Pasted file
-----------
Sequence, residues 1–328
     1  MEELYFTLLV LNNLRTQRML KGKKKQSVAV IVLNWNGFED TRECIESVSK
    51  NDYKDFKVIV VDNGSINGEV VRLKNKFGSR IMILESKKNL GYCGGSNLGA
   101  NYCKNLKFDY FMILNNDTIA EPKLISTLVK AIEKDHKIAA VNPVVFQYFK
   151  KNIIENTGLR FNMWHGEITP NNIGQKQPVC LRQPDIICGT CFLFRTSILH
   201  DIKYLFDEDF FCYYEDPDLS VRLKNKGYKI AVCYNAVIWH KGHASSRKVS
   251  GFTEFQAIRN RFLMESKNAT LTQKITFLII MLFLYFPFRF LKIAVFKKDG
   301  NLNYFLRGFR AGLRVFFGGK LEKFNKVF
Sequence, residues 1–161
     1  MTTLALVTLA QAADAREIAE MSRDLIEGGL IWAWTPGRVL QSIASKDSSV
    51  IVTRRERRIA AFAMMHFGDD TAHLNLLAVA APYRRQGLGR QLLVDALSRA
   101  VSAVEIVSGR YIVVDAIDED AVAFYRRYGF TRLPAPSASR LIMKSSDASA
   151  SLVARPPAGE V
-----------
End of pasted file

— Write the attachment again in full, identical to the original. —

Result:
Sequence, residues 1–328
     1  MEELYFTLLV LNNLRTQRML KGKKKQSVAV IVLNWNGFED TRECIESVSK
    51  NDYKDFKVIV VDNGSINGEV VRLKNKFGSR IMILESKKNL GYCGGSNLGA
   101  NYCKNLKFDY FMILNNDTIA EPKLISTLVK AIEKDHKIAA VNPVVFQYFK
   151  KNIIENTGLR FNMWHGEITP NNIGQKQPVC LRQPDIICGT CFLFRTSILH
   201  DIKYLFDEDF FCYYEDPDLS VRLKNKGYKI AVCYNAVIWH KGHASSRKVS
   251  GFTEFQAIRN RFLMESKNAT LTQKITFLII MLFLYFPFRF LKIAVFKKDG
   301  NLNYFLRGFR AGLRVFFGGK LEKFNKVF
Sequence, residues 1–161
     1  MTTLALVTLA QAADAREIAE MSRDLIEGGL IWAWTPGRVL QSIASKDSSV
    51  IVTRRERRIA AFAMMHFGDD TAHLNLLAVA APYRRQGLGR QLLVDALSRA
   101  VSAVEIVSGR YIVVDAIDED AVAFYRRYGF TRLPAPSASR LIMKSSDASA
   151  SLVARPPAGE V